It’s never easy to be the person behind Wall Street’s loftiest target on a stock, particularly when it’s a high-profile name like Amazon.com (NASDAQ:AMZN) stock. All eyes are on your guess, first and foremost. If you’ve misjudged what lies ahead, investors blame you more than anybody else.
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That’s particularly true for RBC Capital analyst Mark Mahaney’s call on AMZN stock. Not only is it bold, but it’s big, too. Mahaney believes Amazon stock should reach $2,600 per share in the foreseeable future, up more than 40% from its current price.
But the recently-upped target isn’t as outrageous or out-of-reach as some investors might think.
What He Said About Amazon Stock
Mahaney’s thesis was arbitrary, though well-reasoned. He explained in a note issued on Tuesday “We believe [Amazon] may well generate accelerating revenue and unit growth for some time as one-day (shipping) goes nationwide and world-wide.”
He went on to point out the self-fueling nature of the dynamic, saying “Here’s the flywheel – One-Day makes Prime more appealing for consumers, which makes FBA [Fulfillment By Amazon] more appealing to vendors, which increases supply on Prime, which makes Prime more appealing for consumers…”
His theory is that AMZN’s resulting growth will lead to profits of $39.91 per share of AMZN in 2020, up from his previous estimate of $33.90 per share of AMZN stock.
If Amazon’s EPS reaches $39.91, and its shares reach the analyst’s target of $2,600, its price-earnings ratio would be 65. That’s an outrageous valuation for most companies, but not for AMZN. There are two main reasons why AMZN stock can make the jump to $2,600.
The Right Stuff
As aggressive as Mahaney’s target feels, it really isn’t.
The first reason Amazon stock can easily jump 41%, or $767, to $2,600 within the next several months is technical. Specifically, that kind of move is attainable for AMZN. For example, Amazon stock rallied more than $1000 between late 2017 and August of last year.
Also, Amazon stock has dropped slightly over the last year, creating a well-established technical floor, plotted as a yellow dashed line on the chart.
And Mahaney is right ; one-day shipping appears to be a game-changer for Amazon.com.
Actually, it’s difficult to determine exactly how much of Amazon’s past and projected profit growth stems from its relatively new one-day shipping initiative and how much of it was going to take shape anyway. Nevertheless, the timing of Amazon’s parabolic earnings growth does appear to have coincided with the advent of the one-day delivery option.
The valuation concern still stands, but AMZN stock has always been a name that trades more on its financial results and less on its valuation.
It’s also worth noting that analysts, on average, expect the company to earn just a little less than $49 per share in 2021. That EPS and a share price of $2,600 would put AMZN’s P/E at only 53.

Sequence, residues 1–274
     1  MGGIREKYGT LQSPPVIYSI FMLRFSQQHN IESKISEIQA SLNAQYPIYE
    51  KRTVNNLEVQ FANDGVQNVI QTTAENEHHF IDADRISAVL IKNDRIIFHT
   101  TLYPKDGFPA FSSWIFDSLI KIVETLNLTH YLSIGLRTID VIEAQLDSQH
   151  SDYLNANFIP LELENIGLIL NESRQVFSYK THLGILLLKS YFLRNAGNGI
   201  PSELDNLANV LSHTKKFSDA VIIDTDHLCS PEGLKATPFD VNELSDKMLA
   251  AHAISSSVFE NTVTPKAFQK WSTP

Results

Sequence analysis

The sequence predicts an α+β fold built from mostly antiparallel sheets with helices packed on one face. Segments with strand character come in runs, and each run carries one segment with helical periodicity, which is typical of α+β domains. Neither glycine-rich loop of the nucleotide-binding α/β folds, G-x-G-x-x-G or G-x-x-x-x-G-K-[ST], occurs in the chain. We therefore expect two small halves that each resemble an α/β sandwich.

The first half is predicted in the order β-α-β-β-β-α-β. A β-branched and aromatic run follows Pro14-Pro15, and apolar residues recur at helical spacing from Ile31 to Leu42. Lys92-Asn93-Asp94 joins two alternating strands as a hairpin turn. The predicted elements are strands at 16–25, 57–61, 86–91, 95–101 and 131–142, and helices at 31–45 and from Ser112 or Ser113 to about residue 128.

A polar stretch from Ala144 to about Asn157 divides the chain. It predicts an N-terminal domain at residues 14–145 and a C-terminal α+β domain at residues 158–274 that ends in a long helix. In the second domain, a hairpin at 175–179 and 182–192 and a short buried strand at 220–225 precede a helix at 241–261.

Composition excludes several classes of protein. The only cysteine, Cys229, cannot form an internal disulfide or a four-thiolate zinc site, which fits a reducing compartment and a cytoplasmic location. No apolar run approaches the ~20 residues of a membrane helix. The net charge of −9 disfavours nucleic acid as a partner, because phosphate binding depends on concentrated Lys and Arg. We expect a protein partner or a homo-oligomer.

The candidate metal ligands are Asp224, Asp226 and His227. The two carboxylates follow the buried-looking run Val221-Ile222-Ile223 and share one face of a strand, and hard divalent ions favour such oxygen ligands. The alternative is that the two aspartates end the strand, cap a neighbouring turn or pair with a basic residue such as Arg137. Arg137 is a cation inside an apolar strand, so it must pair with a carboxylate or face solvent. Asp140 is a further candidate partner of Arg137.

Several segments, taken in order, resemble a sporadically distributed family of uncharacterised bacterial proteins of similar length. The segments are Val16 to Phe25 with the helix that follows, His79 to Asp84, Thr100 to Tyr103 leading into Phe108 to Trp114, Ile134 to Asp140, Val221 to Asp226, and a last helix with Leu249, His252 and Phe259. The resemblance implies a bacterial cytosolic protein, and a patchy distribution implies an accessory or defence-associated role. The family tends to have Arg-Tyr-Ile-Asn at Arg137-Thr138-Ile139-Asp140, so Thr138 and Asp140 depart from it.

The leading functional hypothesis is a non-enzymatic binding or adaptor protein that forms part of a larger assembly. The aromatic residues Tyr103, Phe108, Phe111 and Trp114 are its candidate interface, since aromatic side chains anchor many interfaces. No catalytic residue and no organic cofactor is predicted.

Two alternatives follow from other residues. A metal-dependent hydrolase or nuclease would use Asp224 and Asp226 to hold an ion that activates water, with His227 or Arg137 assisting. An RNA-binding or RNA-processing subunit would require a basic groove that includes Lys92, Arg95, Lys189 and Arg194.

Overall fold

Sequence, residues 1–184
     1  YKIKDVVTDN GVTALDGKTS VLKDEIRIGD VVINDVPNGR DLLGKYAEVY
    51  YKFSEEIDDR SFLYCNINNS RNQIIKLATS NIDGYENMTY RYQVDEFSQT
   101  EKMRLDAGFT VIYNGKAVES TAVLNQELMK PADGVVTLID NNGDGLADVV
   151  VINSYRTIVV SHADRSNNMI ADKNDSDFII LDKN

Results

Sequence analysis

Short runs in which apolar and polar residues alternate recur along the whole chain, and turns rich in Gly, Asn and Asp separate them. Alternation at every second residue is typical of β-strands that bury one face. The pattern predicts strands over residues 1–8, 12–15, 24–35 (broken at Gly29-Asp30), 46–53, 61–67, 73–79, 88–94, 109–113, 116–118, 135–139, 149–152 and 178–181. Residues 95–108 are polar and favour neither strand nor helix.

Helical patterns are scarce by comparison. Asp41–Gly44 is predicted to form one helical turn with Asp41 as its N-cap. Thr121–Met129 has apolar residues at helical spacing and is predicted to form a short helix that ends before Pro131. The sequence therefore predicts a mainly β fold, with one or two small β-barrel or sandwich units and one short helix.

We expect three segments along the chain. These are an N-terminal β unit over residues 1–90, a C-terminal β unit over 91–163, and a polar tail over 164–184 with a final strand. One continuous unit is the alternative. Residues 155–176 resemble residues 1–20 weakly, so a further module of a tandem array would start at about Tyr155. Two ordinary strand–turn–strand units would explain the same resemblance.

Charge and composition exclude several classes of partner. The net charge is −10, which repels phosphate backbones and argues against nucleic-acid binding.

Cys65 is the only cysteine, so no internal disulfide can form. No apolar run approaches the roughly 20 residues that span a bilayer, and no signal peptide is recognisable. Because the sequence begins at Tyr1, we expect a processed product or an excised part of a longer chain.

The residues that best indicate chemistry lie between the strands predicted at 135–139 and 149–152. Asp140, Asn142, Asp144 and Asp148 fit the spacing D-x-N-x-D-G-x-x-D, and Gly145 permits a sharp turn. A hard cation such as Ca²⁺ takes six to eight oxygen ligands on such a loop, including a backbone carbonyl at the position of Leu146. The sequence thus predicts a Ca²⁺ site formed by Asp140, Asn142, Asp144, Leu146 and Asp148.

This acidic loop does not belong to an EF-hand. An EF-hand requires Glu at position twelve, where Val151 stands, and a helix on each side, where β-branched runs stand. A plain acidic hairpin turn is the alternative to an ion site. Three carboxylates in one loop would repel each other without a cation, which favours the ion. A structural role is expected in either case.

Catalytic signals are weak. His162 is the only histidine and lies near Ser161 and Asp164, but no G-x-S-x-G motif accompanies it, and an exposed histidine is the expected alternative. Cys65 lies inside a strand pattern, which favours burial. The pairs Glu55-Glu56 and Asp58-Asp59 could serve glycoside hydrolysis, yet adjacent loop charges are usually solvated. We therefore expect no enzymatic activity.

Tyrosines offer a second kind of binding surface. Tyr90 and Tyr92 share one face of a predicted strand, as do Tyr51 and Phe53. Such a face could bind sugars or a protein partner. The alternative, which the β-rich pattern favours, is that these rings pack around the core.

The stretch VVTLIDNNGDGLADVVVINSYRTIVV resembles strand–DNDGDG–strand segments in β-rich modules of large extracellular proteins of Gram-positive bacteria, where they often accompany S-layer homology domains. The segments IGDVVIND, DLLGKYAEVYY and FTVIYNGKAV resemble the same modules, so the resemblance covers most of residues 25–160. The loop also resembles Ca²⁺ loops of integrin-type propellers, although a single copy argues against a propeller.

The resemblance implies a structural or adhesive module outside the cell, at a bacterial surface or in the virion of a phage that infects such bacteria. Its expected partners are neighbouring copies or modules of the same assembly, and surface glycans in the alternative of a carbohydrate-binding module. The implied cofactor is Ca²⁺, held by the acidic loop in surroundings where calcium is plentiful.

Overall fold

Still, there are pitfalls on the path from $1800 to $2600 per share. Neither of the two biggest ones will stunt Amazon’s growth. However, they could lower investors’ confidence in Amazon stock.
The more serious of the two stumbling blocks is the potential for antitrust rules.
The Department of Justice is reportedly scrutinizing Amazon, Alphabet (NASDAQ:GOOG, NASDAQ:GOOGL), Facebook (NASDAQ:FB) and Apple (NASDAQ:AAPL), looking for clear clues that these organizations deliberately sought to eliminate competition.
Finding decisive proof — a proverbial “smoking gun” — is a tall order. But, in an environment where distrust of big technology companies is the cultural norm, it’s certainly possible that new rules could soon take shape that would work against Amazon’s expansion.
The other possible pitfall is the potential pushback from environmentally-minded groups due to the pollution spurred by one-day shipping.
One-day deliveries are certainly convenient, butAmazon’s carbon footprint is shockingly large.
The Bottom Line on AMZN Stock
Nevertheless, Amazon has been given a pass on valuation by investors. It stands to reason most consumers will look the other way on the environmental front, too, unwilling to forego the convenience of getting anything they want the day after they buy it.
As for potential government action, it’s unclear how breaking up the world’s big tech titans would prevent Amazon from executing its business plan.
In the absence of any real impediments to the company’s growth, and barring a global recession, a price target of $2600 is far from crazy. Indeed, given how Amazon.com and Prime add real value by bringing low- price goods and cheap entertainment to homes, it’s arguable that Amazon.com could actually benefit from an economic slowdown.
Either way, $2600 is anything but out of reach for AMZN stock.
As of this writing, James Brumley did not hold a position in any of the aforementioned securities. You can learn more about James at his site, jamesbrumley.com, or follow him on Twitter, at @jbrumley.
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